US election

US election leaves questions for Apec

This meeting underlined the economic clout of a regional trading block that accounts for 49% of global commerce.

Yet, for many delegates, the media and commentators on the fringe, the most interesting and talked about leader is still a "President in waiting", a man who wasn't even here in Lima.

For Election Day episode, 'Scorpion' aims not to choose sides

The episode, airing Monday night, will see the team band together when an unknown force tries to rig the presidential election.

To accomplish this story, the executive producers told CNN they aimed to keep all aspects of the episode -- including its candidates -- rooted in fiction because it was "important to us that we not choose any side in the presidential race," executive producer Nick Santora told CNN via email.

US election: Clinton campaign condemns FBI email move

FBI Director James Comey informed Congress of the move in a letter on Friday, 11 days before the election.

Mrs Clinton told supporters the move was "unprecedented" and "deeply troubling".

But Republican opponent Donald Trump has praised the bureau's decision.

In his letter to Congress, Mr Comey said the FBI had learned of fresh emails which might be "pertinent" to its previous inquiry into the Democratic candidate's use of a private server when she was secretary of state in the Obama administration.

US election: 'Cruel' Trump claim dismays dead soldier's family

"Had I been president, Captain Khan would be alive today. We wouldn't have been in this horrible, horrible mistake, the war in Iraq," he said.

The soldier's father, Khizr Khan, said it was a "cruel" remark.

He is campaigning for Hillary Clinton, who is making her first appearance with First Lady Michelle Obama.

The two shared a stage at Winston-Salem in North Carolina.

Introducing Mrs Obama, the former first lady said her voice was needed in this election "more than ever".

US election: Clinton says she will focus on issues, not Trump

"I debated him for four and a half hours," she said, recalling their acrimonious exchanges. "I don't even think about responding to him anymore."

She was speaking to reporters aboard her campaign plane.

Mr Trump used a rally in Gettysburg to promise curbs on lobbying and new trade and climate change negotiations.

With just 16 days until the election, much of the recent focus has been on controversies linked to his campaign.

US election: Trump takes aim at First Lady Michelle Obama

He also accused the first lady of attacking Hillary Clinton in 2007 by invoking a line she had said about fitness to run the White House.

The Obama campaign had denied the line referred to Mrs Clinton.

Mrs Clinton, meanwhile, accused Mr Trump of threatening democracy if he did not accept the election result.

"We know the difference between leadership and dictatorship, and the peaceful transition of power is one of the things that sets us apart," she told a crowd in Cleveland, Ohio.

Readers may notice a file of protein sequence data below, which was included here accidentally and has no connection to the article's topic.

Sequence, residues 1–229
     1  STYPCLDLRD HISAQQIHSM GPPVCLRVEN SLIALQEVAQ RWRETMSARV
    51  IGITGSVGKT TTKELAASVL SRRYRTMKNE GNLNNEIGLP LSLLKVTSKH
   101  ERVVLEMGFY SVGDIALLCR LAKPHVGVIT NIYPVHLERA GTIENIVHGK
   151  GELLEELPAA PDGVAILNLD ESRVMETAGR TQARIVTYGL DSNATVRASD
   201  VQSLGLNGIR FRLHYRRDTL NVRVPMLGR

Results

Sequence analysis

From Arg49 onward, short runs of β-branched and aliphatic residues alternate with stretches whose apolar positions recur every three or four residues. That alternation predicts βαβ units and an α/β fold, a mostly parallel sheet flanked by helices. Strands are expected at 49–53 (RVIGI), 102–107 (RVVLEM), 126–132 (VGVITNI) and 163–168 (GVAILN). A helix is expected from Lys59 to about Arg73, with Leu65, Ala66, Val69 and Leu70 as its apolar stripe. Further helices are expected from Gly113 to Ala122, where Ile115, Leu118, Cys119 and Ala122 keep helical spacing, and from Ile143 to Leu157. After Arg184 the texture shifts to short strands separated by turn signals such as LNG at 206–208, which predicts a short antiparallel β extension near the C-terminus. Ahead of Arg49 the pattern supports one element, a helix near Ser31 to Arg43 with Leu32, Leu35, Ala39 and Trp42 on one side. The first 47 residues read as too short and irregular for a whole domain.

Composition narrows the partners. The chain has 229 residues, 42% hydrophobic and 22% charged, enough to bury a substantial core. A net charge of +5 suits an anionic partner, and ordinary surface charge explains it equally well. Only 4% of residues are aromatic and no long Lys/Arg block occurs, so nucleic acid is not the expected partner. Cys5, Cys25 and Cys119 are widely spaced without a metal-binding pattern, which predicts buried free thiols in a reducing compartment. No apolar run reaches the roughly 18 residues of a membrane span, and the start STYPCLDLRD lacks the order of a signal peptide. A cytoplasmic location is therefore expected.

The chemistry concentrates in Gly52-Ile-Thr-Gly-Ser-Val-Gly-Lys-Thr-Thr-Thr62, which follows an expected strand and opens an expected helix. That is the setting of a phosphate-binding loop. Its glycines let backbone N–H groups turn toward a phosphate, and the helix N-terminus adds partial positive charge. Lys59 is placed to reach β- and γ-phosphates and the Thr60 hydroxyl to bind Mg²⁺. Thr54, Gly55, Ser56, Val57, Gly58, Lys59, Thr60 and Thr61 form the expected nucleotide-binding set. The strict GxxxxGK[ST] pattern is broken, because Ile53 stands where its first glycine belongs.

US election: Obama calls Trump's election rhetoric 'dangerous'

Speaking at a campaign rally in Miami for Democratic nominee Hillary Clinton, the president said Mr Trump's comments undermined American democracy.

Mr Trump refused in a televised debate to say he would accept the outcome of the election on 8 November.

He later said he would accept a "clear" result but left a challenge open.

US election: Australian MPs label Donald Trump 'revolting slug'

It condemned "the misogynist, hateful comments" it said had been made by Mr Trump about women and minorities.

It follows the release of a 2005 video last week in which Mr Trump makes remarks about groping women.

Mr Trump has apologised for remarks, which he described as as "locker-room talk".

He has also denied touching women inappropriately.

The motion was filed by Greens party MP Jeremy Buckingham to the Upper House of the NSW parliament.

It said: "This house... agrees with those who have described Mr Trump as a 'revolting slug'."

US election: Trump presidency 'dangerous', says UN rights chief

UN High Commissioner for Human Rights Zeid Raad al-Hussein cited Mr Trump's comments on the use of torture and his attitude to "vulnerable communities".

The Republican presidential candidate's campaign has been marked by a number of controversial comments.

Recent crude remarks about women have caused the biggest political fallout.

Overnight President Barack Obama, at a rally for Democratic candidate Hillary Clinton, condemned those comments, saying: "The guy says stuff that nobody would find tolerable if they were applying for a job at 7-Eleven."

US election: FBI investigating hacking of Clinton campaign chief

Mr Podesta also suggested Republican nominee Donald Trump's campaign was given advance notice of the breach.

His remarks come after WikiLeaks published a trove of his hacked emails.

The top adviser to Mrs Clinton said the enquiry was part of a wider probe into hacks on the Democratic Party by groups with Russian ties.

"I've been involved in politics for nearly five decades," Mr Podesta told reporters aboard the Clinton campaign plane.